How Can I Protect Myself Against Lead Contamination In Pittsburgh's Drinking Water? 

When our Water Nerds build filters for Pittsburgh residents, we optimize for "worst case scenario" lead concentrations. If you don't want to purchase a filter with high-capacity lead removal, federal official recommend letting your faucet run for two minutes before drinking or cooking. We also highly recommend taking advantage of Pittsburgh’s free lead testing program! If you are a customer of Pittsburgh Water and Sewer Authority, you can request a free kit by signing up online or by calling 412-255-2423.

Disinfection Byproducts In Pittsburgh’s Drinking Water

In addition to lead contamination being of major concern, Pittsburgh municipal water also has extremely high levels of Disinfection Byproducts or DBPs. DBPs form when disinfecants such as chlorine and chloramine,react with organic matter. DBPs are split into two categories: Total Trihalomethanes (TTHMs) and Haloacetic Acids-5 (HAA5). Concentrations of TTHMs averaged 56.3 parts per billion but were detected as high as 105 parts per billion. Concentrations of HAA5 averaged 18.8 parts per billion but reached levels as high as 36 parts per billion. For a bit of perspective, EPA set a very weak Maximum Contaminant Level (MCL) of 80 parts per billion for TTHMS and 60 parts per billion for HAA5. Disinfection Byproducts are a category of emerging contaminants which means they have been detected in drinking water but the risk to human health is unknown. Regulatory agencies have very little knowledge about the adverse health effects of DBPs, and their toxicity. EPA has stated that they have been linked to an increased risk of bladder cancer, as well as kidney, liver, and central nervous system problems. Some disinfection byproducts have almost no toxicity, but others have been associated with cancer, reproductive problems, and developmental issues in laboratory animals. 200 million people in the United States use chlorinated tap water as their primary drinking source, so we take understanding their full health effects very seriously, even if federal agencies fail to regulate all categories.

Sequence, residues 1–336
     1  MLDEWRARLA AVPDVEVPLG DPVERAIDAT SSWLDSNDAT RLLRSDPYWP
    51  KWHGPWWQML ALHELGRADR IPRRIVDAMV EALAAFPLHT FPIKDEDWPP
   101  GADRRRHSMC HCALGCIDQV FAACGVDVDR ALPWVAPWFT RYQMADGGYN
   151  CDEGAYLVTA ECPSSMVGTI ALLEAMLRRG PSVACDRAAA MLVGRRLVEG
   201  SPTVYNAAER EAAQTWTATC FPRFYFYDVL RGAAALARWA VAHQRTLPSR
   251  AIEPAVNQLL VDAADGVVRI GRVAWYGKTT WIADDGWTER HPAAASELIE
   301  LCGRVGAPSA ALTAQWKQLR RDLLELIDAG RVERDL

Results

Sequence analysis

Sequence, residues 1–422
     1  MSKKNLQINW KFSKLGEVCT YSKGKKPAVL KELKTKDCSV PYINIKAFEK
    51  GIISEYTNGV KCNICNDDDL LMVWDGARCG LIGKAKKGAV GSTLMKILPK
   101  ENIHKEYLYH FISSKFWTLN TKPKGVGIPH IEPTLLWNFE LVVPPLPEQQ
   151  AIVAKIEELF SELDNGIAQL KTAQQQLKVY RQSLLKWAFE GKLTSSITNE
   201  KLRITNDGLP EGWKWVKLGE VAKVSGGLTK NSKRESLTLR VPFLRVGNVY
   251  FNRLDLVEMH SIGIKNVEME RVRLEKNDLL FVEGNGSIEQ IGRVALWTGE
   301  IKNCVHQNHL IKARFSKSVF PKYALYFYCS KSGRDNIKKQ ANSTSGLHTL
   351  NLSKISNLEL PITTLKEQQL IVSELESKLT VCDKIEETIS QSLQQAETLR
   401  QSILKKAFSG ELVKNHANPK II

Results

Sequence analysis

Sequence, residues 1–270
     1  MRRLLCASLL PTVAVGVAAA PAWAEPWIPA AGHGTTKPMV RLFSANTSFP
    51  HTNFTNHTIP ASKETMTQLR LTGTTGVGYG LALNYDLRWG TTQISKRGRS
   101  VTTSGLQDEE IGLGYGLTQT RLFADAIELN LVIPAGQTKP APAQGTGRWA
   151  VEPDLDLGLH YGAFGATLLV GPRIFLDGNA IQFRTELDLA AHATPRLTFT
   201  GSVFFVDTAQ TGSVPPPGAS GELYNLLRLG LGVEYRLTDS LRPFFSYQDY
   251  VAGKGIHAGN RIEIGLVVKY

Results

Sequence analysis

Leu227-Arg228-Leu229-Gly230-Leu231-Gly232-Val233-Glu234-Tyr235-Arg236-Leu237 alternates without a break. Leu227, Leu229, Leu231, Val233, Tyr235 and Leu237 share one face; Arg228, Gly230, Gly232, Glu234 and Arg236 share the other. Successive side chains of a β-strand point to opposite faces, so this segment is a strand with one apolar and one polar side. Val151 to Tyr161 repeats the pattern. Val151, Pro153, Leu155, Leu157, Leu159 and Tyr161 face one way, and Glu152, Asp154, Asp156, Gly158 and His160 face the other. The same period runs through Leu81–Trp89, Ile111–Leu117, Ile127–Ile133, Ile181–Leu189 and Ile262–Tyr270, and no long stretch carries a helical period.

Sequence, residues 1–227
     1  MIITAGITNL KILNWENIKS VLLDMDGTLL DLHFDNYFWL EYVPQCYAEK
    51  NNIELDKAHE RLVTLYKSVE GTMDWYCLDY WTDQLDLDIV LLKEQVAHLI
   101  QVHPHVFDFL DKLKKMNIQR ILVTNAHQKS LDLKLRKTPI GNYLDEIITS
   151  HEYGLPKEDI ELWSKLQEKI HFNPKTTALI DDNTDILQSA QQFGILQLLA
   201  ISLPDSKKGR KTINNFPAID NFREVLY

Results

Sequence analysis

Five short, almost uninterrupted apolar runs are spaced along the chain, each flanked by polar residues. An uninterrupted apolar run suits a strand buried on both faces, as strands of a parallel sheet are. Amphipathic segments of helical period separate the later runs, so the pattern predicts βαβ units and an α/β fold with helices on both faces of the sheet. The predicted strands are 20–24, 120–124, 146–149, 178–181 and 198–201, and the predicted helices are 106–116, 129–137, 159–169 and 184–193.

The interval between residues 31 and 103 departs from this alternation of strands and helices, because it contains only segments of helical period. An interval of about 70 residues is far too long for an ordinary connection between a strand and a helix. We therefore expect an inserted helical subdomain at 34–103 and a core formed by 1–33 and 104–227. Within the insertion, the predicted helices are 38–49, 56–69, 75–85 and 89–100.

Mark: Dallas

Water Nerds @ Monday, April 8, 2019 at 5:05 pm -0400

Analies Ross-Dyjak  |  Policy Analyst

Thanks for watching us on Shark Tank! This post is part of a series unpacking each Shark's water quality. Mark Cuban may hail from Pittsburgh, but he's since made Dallas his home (Go Mavericks!). Here are some problems with Dallas water -- all things we take into account when optimizing our filters for Dallas residents.

Where Does Dallas Water Utilities Get Its Drinking Water?

The city of Dallas draws water from seven different surface water sources: the Elm Fork of the Trinity River and lakes Ray Roberts, Lewisville, Grapevine, Ray Hubbard, Tawakoni and Fork. As is the case with any surface water source, these lakes and rivers can become contaminated by polluters within the watershed. For Dallas, this could mean runoff from all sorts of nasty stuff, like gas stations, industrial sites, agriculture, and even natural gas fracturing!

Chromium 6 Contamination In Dallas Drinking Water

Let's start with an entirely unregulated chemical -- Chromium 6, also known as hexavalent chromium or the “Erin Brockovich chemical.” This is an extremely toxic heavy metal that can cause all sorts of health problems. Chromium 6 in Dallas tap water averages 149 parts per trillion (this is 8 times higher than what the California Water Boards considers to be safe!) Chromium 6 is a liquid effluent associated with metal processing, tannery facilities, chromate production, stainless steel welding and pigment production. The only way to get rid of chromium 6 in drinking water is by using a product (like ours) that's optimized to remove it.

What Are DBPs And Are They Present In Dallas Tap Water?

DBPs, or disinfection byproducts , are a category of emerging contaminants, and form when chlorine-based disinfectants react with naturally-occurring organic matter. Dallas disinfects its drinking water with chlorine to protect against waterborne illness, so it’s no surprise that disinfection byproducts are present. Regulations for these chemicals aren't strict and the effects on health aren't well understood, but EPA has acknowledged that some DBPs can cause an increased risk of bladder cancer, as well as kidney, liver, and central nervous system problems.

Why Does Dallas Tap Water Smell Like A Pool?

Dallas uses chlorine as a primary drinking water disinfectant to protect against waterborne diseases. Chlorine is most popular for giving drinking water a “pool lockerroom” taste and smell. While not typically considered to be harmful on its own, Hydroviv filters remove the unpleasant odor.